2.1 Network overview
The proposed ZSIH model is an endtoend deep neural network for
zeroshot sketchimage hashing. The architecture of ZSIH is illustrated in Fig. 2, which is composed of three concatenated deep neural networks, i.e., the image/sketch encoders and the multimodal network, to tackle the problems discussed above.2.1.1 Image/sketch encoding networks
As is shown in Fig. 2, the networks with light blue and grey background refer to the binary encoders and
for images and sketches respectively. An image or sketch is firstly rendered to a set of corresponding convolutional layers to produce a feature map, and then the attention model mixes informative parts into a single feature vector for further operation. The AlexNet
[33] before the last pooling layer is built to obtain the feature map. We introduce the attention mechanism in solving issue 1, of which the structure is close to [58] with weighted pooling to produce a 256D feature. Binary encoding is performed by a fullyconnected layer taking input from the attention model with a nonlinearity. During training, and are regularized by the output of the multimodal network, so these two encoders are supposed to be able learn modalfree representations for zeroshot sketchimage matching.2.1.2 Multimodal network as code learner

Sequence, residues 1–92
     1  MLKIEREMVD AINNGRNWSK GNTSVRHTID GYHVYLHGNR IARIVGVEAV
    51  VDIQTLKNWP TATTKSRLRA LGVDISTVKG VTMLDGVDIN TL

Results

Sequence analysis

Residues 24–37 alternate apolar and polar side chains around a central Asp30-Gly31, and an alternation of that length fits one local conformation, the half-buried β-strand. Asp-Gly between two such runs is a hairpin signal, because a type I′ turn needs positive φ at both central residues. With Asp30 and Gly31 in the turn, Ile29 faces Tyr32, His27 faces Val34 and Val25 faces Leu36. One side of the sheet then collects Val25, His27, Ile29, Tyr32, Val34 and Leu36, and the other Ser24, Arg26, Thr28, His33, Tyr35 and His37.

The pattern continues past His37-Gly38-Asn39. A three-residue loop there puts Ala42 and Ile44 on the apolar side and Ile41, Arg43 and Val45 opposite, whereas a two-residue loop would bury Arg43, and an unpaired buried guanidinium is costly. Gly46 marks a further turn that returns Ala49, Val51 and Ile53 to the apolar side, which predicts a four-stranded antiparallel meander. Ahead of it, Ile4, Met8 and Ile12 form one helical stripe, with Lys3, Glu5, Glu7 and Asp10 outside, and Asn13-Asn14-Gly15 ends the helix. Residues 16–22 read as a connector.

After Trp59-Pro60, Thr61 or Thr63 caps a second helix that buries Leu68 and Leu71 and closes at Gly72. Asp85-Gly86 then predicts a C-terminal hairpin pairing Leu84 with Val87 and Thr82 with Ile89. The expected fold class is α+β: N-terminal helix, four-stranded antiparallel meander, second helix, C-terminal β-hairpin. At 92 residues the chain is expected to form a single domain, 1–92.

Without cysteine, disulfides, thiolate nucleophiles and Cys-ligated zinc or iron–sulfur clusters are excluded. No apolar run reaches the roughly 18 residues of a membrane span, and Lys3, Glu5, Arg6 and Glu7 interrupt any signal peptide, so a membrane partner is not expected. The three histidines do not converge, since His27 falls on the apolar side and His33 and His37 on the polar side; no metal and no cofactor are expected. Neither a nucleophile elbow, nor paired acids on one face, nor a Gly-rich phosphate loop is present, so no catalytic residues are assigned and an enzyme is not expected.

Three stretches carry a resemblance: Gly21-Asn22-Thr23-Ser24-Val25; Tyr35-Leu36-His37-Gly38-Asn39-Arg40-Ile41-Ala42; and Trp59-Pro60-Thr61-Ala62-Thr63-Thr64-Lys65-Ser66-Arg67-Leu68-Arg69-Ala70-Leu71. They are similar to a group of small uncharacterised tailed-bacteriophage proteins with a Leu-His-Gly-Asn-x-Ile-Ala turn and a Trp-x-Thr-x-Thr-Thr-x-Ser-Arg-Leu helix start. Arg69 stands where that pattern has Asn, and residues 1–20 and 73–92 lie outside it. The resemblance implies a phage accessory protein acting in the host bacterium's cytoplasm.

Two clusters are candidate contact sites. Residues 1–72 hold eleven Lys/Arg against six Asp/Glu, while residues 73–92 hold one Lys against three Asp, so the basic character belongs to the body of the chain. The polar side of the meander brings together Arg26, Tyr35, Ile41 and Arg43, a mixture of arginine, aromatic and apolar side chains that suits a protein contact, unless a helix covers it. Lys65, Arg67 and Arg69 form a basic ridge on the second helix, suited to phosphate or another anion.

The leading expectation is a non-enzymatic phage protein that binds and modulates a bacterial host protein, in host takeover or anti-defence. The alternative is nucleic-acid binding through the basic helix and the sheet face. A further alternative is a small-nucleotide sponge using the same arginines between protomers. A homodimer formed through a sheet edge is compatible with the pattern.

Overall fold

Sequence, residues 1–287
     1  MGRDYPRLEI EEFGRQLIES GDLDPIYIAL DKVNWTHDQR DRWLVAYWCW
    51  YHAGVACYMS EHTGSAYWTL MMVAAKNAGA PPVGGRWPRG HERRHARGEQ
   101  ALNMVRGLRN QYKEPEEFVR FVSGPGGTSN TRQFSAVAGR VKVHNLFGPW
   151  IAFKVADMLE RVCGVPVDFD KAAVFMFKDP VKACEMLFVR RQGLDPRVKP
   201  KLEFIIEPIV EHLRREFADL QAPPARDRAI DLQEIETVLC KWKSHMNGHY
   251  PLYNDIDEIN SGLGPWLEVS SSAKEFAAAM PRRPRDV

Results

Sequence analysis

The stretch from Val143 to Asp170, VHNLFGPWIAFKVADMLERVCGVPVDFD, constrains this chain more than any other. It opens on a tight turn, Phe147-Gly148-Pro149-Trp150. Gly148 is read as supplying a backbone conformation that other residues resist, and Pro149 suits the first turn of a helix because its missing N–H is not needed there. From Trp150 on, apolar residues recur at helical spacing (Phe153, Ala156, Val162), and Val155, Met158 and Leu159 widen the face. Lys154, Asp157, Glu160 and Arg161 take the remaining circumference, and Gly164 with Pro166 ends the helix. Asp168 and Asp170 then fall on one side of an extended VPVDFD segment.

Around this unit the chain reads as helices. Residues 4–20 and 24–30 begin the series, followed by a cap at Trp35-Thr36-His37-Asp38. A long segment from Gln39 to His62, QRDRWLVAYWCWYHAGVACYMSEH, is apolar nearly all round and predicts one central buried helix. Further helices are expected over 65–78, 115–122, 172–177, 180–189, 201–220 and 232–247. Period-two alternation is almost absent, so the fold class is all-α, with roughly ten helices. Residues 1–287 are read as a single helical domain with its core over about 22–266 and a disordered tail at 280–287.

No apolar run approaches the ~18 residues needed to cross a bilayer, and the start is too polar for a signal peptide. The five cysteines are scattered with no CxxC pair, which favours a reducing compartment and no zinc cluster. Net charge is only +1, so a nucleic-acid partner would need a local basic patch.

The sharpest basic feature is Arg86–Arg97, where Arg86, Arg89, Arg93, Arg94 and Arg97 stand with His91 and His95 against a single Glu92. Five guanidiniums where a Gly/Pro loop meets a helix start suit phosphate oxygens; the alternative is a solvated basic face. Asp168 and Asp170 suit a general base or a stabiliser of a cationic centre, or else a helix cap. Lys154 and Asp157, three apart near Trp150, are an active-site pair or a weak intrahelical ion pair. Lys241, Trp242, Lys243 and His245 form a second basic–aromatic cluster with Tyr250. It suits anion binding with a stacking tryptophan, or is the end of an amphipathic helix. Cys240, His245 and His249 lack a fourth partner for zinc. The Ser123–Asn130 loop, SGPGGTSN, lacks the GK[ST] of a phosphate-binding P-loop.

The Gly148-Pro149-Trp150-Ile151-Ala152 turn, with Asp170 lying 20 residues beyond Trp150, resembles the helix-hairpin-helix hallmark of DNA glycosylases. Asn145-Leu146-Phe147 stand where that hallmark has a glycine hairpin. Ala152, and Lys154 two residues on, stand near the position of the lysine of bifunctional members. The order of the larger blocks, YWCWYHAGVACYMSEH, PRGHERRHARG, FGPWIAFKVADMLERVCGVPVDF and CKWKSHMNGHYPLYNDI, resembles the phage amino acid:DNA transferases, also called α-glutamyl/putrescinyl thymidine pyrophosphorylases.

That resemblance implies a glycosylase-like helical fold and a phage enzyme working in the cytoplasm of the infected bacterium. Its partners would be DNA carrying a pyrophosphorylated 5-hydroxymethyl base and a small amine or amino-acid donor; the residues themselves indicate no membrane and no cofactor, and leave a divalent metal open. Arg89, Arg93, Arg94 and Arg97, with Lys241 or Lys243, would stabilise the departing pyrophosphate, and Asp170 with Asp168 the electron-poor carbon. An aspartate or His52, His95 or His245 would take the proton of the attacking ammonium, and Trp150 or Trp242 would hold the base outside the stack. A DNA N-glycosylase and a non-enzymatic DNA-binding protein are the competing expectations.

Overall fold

The multimodal network only functions during training. It learns the joint representations for sketchimage hashing, handling the problem 2 of modal heterogeneity. One possible solution for this is to introduce a fused representation layer taking inputs from both image and sketch modality for further encoding. Inspired by Hu et al. [23], we find the Kronecker product fusion layer suitable for our model, which is discussed in Sec. 2.2. Shown in Fig. 2, the Kronecker layer takes inputs from the image and sketch attention model, and produces a single feature vector for each pair of data points. We index the training images and sketches in a coherent category order. Therefore the proposed network is able to learn compact codes for both images and sketches with clear categorical information.
However, simply mitigating the model heterogeneity does not fully solves the challenges in ZSIH. As is mentioned in problem 3, for zeroshot tasks, it is essential to leverage the semantic information of training data to generalize knowledge from the seen categories to the unseen ones. Suggested by many zeroshot learning works [32, 19, 66], the semantic representations, e.g., word vectors [44], implicitly determine the categorylevel relations between data points from different classes. Based on this, during the joint code learning process, we novelly enhance the hidden neural representations by the semantic relations within a batch of training data using the graph convolutional networks (GCNs) [10, 31]. It can be observed in Fig. 2 that two graph convolutional layers are built in the multimodal network, successively following the Kronecker layer. In this way, the inbatch data points with strong latent semantic relations are entitled to interact during gradient computation. Note that the output length of the second graph convolutional layer for each data point is exactly the target hash code length, i.e., . The formulation of the semantic graph convolution layer is given in Sec. 2.3.